Roland Barthes said in an interview in 1973: "As for the sacred outline, I admit having sacrificed at its altars during a certain period in the beginning of semiology. Since then there has been that whole movement challenging the thesis and its format." The dissertation or thesis was, he thought, "oppressive, not to say repressive" just because it consisted of "constraints brought to bear on students by "the myth of the outline" and syllogistic reasoning. These were the reasons why he opted for "an aleatory cutting-up, a découpage (into what I call "miniatures"), or the production of "texts [in the form] of fragments," replacing "logic with chance," albeit in the sense of "controlled accident" as present in "certain Zen-definitions." In other words, he decided that he was "(provisionally) in favor of discontinuous writing" (182).
Since I did not undergo a French university education, I cannot say how justified Barthes' firm coupling of outlines and syllogistic reasoning was subjectively speaking. But even if it were justified biographically or autobiographically for French students of a certain generation to make this connection, there is no necessary relation between these two approaches You can reject Aristotelian logic while holding on to outlines and vice versa. In fact, it appears that at first outlines were developed by thinkers who were questioning the value of syllogistic reasoning (like Ramon Llull). Nor do I believe that outlines and fragmentary writing need be viewed as excluding each other. It is possible to concentrate (provisionally) on short texts and discontinuous writing while still reserving the right to create an outline later. As Barthes notes himself in another interview: "Proust spent half his life producing only fragments, and then, all at once in 1909, he began creating that oceanic flood, Remembrance of things Past" (329). It appears that late in his life he intended to overcome fragmentary writing.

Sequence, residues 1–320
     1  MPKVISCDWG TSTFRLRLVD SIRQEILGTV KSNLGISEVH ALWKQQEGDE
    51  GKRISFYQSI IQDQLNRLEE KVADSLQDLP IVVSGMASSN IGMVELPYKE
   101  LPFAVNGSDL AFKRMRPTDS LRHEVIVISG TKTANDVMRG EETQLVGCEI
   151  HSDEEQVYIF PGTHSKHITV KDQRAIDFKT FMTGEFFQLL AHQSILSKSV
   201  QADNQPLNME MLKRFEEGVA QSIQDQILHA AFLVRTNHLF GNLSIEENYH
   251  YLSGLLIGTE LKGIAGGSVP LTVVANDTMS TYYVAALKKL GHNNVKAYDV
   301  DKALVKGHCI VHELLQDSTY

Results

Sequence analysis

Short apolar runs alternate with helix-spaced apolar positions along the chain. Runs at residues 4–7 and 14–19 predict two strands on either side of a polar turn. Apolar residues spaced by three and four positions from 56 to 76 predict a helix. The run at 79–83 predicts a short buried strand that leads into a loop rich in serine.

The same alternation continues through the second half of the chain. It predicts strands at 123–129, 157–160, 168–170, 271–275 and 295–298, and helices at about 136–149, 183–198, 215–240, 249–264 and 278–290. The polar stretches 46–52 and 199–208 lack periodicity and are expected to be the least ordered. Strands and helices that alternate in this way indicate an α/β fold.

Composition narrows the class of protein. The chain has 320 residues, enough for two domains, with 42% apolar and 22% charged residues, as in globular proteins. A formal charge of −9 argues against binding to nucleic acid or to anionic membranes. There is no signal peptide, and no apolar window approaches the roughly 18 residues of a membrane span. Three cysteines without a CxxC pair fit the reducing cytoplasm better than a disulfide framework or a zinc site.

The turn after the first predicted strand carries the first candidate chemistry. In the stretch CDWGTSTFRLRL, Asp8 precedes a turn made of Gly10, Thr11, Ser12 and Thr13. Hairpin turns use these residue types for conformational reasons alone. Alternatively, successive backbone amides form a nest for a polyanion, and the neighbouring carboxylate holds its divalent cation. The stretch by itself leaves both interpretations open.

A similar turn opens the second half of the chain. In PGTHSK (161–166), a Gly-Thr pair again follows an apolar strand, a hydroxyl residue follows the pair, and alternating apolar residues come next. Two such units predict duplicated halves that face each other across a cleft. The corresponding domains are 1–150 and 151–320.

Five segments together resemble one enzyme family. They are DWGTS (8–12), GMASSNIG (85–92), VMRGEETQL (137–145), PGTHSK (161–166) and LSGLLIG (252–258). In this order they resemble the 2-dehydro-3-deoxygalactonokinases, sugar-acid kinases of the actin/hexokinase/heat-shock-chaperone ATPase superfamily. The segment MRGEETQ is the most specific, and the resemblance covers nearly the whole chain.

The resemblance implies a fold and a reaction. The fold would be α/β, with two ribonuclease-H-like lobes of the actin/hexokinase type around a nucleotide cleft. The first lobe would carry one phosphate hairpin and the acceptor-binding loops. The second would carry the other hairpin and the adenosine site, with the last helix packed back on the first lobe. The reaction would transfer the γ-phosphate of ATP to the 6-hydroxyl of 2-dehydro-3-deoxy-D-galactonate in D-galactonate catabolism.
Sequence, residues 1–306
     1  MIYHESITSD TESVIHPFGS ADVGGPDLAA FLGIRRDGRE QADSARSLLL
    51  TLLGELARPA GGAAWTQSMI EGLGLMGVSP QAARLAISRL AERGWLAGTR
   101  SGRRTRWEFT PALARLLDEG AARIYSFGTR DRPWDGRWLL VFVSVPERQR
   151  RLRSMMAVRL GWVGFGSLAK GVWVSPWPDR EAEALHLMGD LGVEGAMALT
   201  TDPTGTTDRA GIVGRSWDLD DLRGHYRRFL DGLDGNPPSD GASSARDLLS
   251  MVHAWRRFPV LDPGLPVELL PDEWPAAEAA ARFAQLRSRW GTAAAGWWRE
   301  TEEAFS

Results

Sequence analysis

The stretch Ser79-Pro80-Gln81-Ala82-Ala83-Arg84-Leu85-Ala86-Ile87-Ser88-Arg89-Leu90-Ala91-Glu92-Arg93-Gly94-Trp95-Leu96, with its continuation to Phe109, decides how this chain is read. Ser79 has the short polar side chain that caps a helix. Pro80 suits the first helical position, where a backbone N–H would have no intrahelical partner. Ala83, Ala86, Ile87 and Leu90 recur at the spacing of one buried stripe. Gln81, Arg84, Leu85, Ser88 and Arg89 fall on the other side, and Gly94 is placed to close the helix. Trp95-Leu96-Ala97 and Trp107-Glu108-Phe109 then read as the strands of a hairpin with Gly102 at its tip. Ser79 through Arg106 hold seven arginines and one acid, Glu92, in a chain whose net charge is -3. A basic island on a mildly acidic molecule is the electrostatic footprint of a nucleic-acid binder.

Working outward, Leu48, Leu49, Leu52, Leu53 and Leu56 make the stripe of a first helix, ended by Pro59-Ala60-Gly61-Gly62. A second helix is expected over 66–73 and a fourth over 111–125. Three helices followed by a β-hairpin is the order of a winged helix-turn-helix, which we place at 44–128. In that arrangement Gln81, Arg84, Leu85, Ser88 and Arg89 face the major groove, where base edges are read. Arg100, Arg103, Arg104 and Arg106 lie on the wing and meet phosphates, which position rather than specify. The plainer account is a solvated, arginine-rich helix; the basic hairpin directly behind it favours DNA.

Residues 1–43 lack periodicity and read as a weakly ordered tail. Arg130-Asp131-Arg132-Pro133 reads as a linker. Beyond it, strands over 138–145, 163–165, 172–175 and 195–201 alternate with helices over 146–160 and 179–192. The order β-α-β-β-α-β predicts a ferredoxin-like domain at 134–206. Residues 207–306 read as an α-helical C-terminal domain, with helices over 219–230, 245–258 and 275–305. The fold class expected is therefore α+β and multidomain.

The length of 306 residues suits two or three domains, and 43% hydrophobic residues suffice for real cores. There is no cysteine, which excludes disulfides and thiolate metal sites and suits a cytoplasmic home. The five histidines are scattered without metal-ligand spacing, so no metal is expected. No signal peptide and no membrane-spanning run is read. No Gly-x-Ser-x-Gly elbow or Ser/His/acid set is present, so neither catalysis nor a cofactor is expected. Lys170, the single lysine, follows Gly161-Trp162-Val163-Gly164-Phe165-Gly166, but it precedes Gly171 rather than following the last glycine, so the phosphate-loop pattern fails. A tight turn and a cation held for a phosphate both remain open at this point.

1. Roland Barthes, Against the Grain of the Voice. Interviews 1962-1980. Tr. Linda Coverdale (Berkeley and Los Angeles: Hill and Wang University of California Press), 181.
2. See History of Outlining and Outlines and Meshes. For other posts on Barthes, see here.